A bat­tered corpse that’s been dis­patched with a ra­zor blade or some other sharp in­stru­ment; some sexy, blood-soaked lin­gerie; pos­si­bly even signs of tor­ture, yet no im­me­di­ate sus­pect.

These are just a few of the el­e­ments to ex­pect in this genre of Ital­ian-pro­duced, mur­der mys­tery/hor­ror thriller film. Giallo lit­er­ally means yel­low; the name de­rives from a series of cheap pa­per­back who­dunits with yel­low cov­ers that were all the rage in the 1950s and ’60s. Movie-wise, the peak was the ’70s when di­rec­tors like Dario Ar­gento, Mario Bava and Lu­cio Fulci took de­light in cram­ming their gorefests with eroti­cism, kitsch, the su­per­nat­u­ral


“Sex ap­peal is fifty per cent what you’ve got and fifty per cent what peo­ple think you’ve got,” Loren once said.

Now 83, the ac­tress re­mains enig­matic. Born in Rome in 1934, her cel­lu­loid ca­reer started in the 1950s with mi­nor roles in Quo Vadis (1951), Era lui... sì! sì! (1951) and Girls Marked Dan­ger (1953), among oth­ers. Hol­ly­wood star­dom beck­oned later in the decade cour­tesy of a con­tract with Paramount Pic­tures.

Her brood­ing beauty, ab­sorb­ing per­for­mances, nu­anced ar­dour and fault­less tim­ing in sev­eral ro­man­tic come­dies helped Loren take home a cou­ple of Os­cars – for Two Women (1962) and Mar­riage Ital­ian Style (1964).


Tod­dlers, Padding­ton Bear and koalas are meant to be cute, but so is this two-door marvel. Built by that pow­er­house of Ital­ian man­u­fac­tur­ing, Fiat be­tween 1957 and 1975, these lit­tle mae­stros (2.97 me­tres in length) were en­vis­aged as cheap, prac­ti­cal about-town mo­tors.

Orig­i­nally with just a 479cc twocylin­der, air-cooled rear en­gine, don’t ex­pect this lit­tle baby to be bomb­ing along the au­tostrada any­time soon – its top speed is just


Not to be con­fused with the Fiat

126 (the Bam­bino) or the ear­lier model, the Topolino (Mickey Mouse in Ital­ian); and not as a sexy as Italy’s other fa­mous brands, Fer­rari, Maserati and Lam­borgh­ini – but 100 times cuter!


Along with Greece, Italy of­fers a unique win­dow into An­cient civil­i­sa­tion. When the Ro­man Em­pire fi­nally dis­in­te­grated, it left be­hind a skele­ton of ar­chaic build­ings and mon­u­ments. These in­clude the im­mac­u­lately pre­served tem­ple of all tem­ples (and still in use as a church) Pan­theon; the Colos­seum, the brick-faced am­phithe­atre where glad­i­a­tors spilt the most vi­tal of flu­ids; Pom­peii, an ar­chae­o­log­i­cal site like no other, buried un­der 5 me­tres of ash and pu­mice when Mount Ve­su­vius erupted in AD79, but re­dis­cov­ered in the 1500s; and Em­peror Hadrian’s villa out­side Tivoli with its ex­quis­ite gar­dens, pools and arte­facts in­clud­ing a mar­ble statue of his de­i­fied lover, Anti­nous.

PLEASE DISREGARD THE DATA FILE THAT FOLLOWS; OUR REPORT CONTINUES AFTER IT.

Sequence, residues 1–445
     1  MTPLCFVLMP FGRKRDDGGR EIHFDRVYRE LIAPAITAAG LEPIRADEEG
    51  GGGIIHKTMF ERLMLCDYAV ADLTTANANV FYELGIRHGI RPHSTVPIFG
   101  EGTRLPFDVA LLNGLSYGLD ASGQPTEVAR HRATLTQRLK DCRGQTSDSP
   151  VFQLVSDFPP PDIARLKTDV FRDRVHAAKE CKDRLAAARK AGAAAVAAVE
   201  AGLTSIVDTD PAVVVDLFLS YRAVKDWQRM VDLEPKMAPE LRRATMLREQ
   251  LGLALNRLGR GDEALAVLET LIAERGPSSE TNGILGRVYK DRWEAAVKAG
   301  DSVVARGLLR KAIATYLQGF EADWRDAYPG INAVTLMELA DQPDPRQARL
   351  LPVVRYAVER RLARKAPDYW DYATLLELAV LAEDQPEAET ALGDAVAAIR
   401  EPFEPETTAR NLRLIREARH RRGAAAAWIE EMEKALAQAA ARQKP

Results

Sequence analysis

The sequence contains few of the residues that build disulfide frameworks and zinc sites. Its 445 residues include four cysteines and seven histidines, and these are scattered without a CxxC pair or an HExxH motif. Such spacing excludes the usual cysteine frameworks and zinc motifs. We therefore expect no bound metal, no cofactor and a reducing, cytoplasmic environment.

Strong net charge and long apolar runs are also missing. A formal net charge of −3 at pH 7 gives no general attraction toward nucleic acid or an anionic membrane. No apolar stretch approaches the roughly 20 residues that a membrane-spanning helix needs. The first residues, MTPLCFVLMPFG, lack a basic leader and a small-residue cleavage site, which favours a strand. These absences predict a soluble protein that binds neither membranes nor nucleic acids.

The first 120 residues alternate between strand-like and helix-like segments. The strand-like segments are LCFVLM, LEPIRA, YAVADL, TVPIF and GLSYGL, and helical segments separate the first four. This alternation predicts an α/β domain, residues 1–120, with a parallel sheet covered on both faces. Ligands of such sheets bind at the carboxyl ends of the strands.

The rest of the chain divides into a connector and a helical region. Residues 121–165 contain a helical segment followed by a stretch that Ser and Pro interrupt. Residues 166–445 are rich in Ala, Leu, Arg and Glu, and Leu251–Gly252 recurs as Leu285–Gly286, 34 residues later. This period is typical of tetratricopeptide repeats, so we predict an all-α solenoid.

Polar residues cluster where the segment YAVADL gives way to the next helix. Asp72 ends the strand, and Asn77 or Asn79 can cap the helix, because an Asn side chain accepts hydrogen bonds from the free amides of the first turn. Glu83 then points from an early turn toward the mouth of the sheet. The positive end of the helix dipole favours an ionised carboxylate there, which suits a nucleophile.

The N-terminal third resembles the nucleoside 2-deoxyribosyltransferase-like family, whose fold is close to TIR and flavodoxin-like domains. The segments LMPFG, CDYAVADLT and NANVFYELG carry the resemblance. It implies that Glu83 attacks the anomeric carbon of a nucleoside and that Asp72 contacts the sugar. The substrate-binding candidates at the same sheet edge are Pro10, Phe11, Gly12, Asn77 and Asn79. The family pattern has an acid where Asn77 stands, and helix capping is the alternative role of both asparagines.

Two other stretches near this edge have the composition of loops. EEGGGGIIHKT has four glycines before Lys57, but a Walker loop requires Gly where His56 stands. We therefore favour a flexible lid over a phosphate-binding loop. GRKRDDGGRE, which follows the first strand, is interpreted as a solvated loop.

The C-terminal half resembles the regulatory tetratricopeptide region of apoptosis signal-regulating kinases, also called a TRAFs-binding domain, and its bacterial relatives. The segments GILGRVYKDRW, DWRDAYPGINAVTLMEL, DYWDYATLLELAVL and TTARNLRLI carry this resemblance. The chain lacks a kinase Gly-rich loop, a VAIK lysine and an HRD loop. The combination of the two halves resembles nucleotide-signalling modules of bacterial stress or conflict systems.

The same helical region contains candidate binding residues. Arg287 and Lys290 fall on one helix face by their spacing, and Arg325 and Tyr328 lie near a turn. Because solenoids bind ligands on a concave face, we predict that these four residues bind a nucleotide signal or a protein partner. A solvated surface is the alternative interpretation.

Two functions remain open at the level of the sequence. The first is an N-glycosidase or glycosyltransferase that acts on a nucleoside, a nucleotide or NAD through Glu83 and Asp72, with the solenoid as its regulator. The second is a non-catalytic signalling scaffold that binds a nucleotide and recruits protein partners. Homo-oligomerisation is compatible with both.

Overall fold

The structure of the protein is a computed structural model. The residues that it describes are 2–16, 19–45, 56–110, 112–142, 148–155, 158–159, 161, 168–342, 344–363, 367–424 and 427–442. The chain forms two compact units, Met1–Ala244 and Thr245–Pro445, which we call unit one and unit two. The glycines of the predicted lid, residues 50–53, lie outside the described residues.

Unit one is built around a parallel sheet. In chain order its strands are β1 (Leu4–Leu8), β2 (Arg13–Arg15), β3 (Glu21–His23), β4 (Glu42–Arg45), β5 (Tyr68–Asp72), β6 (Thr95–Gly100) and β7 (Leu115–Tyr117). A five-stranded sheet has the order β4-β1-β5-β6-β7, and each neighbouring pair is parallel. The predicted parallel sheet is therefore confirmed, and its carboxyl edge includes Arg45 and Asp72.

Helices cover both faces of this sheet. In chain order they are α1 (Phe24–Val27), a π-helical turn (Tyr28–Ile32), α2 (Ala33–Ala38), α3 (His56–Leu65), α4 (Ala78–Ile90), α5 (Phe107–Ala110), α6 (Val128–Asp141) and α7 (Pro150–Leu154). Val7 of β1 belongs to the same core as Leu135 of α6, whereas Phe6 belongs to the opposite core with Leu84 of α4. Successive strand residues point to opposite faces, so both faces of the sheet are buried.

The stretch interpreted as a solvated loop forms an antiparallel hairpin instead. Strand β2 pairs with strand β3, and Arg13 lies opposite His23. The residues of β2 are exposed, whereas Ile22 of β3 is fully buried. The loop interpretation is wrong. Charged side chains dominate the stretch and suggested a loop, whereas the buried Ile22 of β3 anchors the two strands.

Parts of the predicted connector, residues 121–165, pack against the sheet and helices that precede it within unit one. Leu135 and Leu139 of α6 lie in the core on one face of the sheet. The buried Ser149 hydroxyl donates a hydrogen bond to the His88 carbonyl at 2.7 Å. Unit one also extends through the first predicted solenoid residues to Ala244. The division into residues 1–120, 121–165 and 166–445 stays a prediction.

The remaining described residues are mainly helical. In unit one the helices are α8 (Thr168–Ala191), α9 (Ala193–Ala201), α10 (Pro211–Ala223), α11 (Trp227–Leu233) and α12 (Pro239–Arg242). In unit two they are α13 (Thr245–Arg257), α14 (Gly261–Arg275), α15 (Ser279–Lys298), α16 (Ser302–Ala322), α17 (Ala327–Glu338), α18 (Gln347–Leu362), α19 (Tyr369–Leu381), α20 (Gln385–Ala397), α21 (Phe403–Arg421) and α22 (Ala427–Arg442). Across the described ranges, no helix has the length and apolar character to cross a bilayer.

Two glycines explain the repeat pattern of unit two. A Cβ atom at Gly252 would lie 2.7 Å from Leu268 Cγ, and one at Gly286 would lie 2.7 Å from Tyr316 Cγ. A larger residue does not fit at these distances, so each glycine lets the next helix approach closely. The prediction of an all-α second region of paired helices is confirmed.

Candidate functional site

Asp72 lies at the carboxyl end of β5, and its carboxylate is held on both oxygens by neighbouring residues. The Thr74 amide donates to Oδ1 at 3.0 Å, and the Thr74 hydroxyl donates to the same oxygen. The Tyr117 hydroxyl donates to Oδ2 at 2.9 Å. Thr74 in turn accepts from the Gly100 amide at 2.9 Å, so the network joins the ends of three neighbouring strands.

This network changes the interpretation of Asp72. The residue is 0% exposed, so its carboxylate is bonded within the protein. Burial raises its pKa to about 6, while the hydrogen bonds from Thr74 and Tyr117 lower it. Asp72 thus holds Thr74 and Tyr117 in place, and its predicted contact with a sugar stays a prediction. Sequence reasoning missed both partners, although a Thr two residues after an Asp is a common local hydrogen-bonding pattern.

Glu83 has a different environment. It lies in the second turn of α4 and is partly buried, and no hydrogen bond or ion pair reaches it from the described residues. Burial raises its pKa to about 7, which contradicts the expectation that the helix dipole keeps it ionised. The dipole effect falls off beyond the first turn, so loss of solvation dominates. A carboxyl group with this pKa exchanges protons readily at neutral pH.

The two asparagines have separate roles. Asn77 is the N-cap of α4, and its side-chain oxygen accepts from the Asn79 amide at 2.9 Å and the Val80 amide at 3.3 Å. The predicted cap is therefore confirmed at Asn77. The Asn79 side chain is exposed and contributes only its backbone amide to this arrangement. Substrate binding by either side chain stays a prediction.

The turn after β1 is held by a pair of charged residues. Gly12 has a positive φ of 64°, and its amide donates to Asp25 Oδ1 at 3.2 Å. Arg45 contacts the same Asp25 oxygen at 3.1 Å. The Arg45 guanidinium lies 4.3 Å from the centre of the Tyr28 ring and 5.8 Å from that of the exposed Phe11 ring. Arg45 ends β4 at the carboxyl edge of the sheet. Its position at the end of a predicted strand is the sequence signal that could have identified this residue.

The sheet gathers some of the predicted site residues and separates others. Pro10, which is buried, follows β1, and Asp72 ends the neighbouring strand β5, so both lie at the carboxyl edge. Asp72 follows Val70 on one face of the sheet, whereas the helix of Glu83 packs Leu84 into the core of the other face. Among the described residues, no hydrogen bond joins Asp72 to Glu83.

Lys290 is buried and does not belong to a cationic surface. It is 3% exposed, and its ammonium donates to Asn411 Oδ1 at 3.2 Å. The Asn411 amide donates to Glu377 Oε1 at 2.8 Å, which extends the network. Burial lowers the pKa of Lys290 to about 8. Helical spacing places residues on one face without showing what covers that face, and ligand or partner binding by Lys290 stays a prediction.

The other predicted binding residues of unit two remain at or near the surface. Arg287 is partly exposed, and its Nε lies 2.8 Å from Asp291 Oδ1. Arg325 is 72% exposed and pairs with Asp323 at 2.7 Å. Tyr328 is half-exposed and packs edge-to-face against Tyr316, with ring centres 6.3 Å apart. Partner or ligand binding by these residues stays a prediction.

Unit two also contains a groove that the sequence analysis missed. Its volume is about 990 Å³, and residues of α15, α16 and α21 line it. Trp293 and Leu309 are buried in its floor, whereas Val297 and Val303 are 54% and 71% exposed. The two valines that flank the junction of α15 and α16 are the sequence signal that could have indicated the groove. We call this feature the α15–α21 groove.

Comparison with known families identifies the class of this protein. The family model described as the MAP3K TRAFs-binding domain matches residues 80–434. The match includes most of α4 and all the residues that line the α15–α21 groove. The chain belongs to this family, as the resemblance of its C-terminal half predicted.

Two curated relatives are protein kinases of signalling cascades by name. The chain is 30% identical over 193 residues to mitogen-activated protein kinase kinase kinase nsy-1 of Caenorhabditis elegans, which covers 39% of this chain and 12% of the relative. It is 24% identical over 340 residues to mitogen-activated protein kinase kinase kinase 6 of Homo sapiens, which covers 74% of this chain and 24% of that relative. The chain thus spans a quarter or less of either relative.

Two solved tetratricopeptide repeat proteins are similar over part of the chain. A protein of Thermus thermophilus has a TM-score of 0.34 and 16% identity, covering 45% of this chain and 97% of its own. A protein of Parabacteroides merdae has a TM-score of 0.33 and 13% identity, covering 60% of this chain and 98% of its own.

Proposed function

Sturdy thighs, tight shorts, sweaty bod­ies and wads of petroleum jelly. Sounds like the ul­ti­mate gay fan­tasy and, well, it kinda is… it’s Ital­ian soc­cer.

The Ital­ians ex­cel at the beau­ti­ful game, il bel gioco. The na­tional team, the Az­zurri have made it to four World Cup fi­nals (a record only bet­tered by Brazil), and the coun­try has turned out count­less win­ners of the var­i­ous elite Euro­pean com­pe­ti­tions – the UEFA Cham­pi­ons and Europa Leagues, etc.

Leg­endary play­ers in­clude Roberto Bag­gio, Paolo Mal­dini, Paolo Rossi and Dino Zoff.


No mat­ter how of­ten we read about it or see im­ages from it, it’s al­most im­pos­si­ble for most of us to imag­ine the hor­rors of the Nazi con­cen­tra­tion camps. Ital­ian Jew, Primo Levi (pic­tured) de­tailed his in­tern­ment in Auschwitz from Fe­bru­ary 1944 to Jan­uary 1945 in nu­mer­ous writ­ings: the books If This Is A Man (1947), The Truce (1963), and Mo­ments Of Re­prieve (1981); and the es­say The Drowned And The Saved (1985).

Born in Turin in 1919 and trained as a chemist, he was de­ported to Auschwitz at age 24. He sur­vived the Holo­caust but, sadly, died of sus­pected sui­cide in 1987, per­haps still trau­ma­tised by his ex­pe­ri­ences. The Guardian said, “His mov­ing mem­oir of Auschwitz is one of the great books of the 20th Cen­tury.”

De­spite his books and nu­mer­ous in­ter­views, lit­tle is known of him. Bi­og­ra­pher Ca­role Angier ob­served, “The man who loved and spoke to the whole of hu­man­ity found pri­vate, emo­tional life im­pos­si­bly hard.”

Car­avag­gio’s Boy With A Bas­ket Of Fruit.The Amalfi coast.Pa­solini di­rects a scene from Salò.Alessi’s fa­mous egg cup.

Michelan­gelo’s David at the Ac­cademia Gallery.

Ver­sace Menswear on the run­way.

Salai, de­picted by Leonardo as Bac­chus.

Sophia Loren in Mar­riage Ital­ian Style, 1964.

Alex Marte soaps up his Cin­qu­cento.

Stat­ues of Anti­nous are still pop­u­lar to­day.

Newspapers in English

Newspapers from Australia

© PressReader. All rights reserved.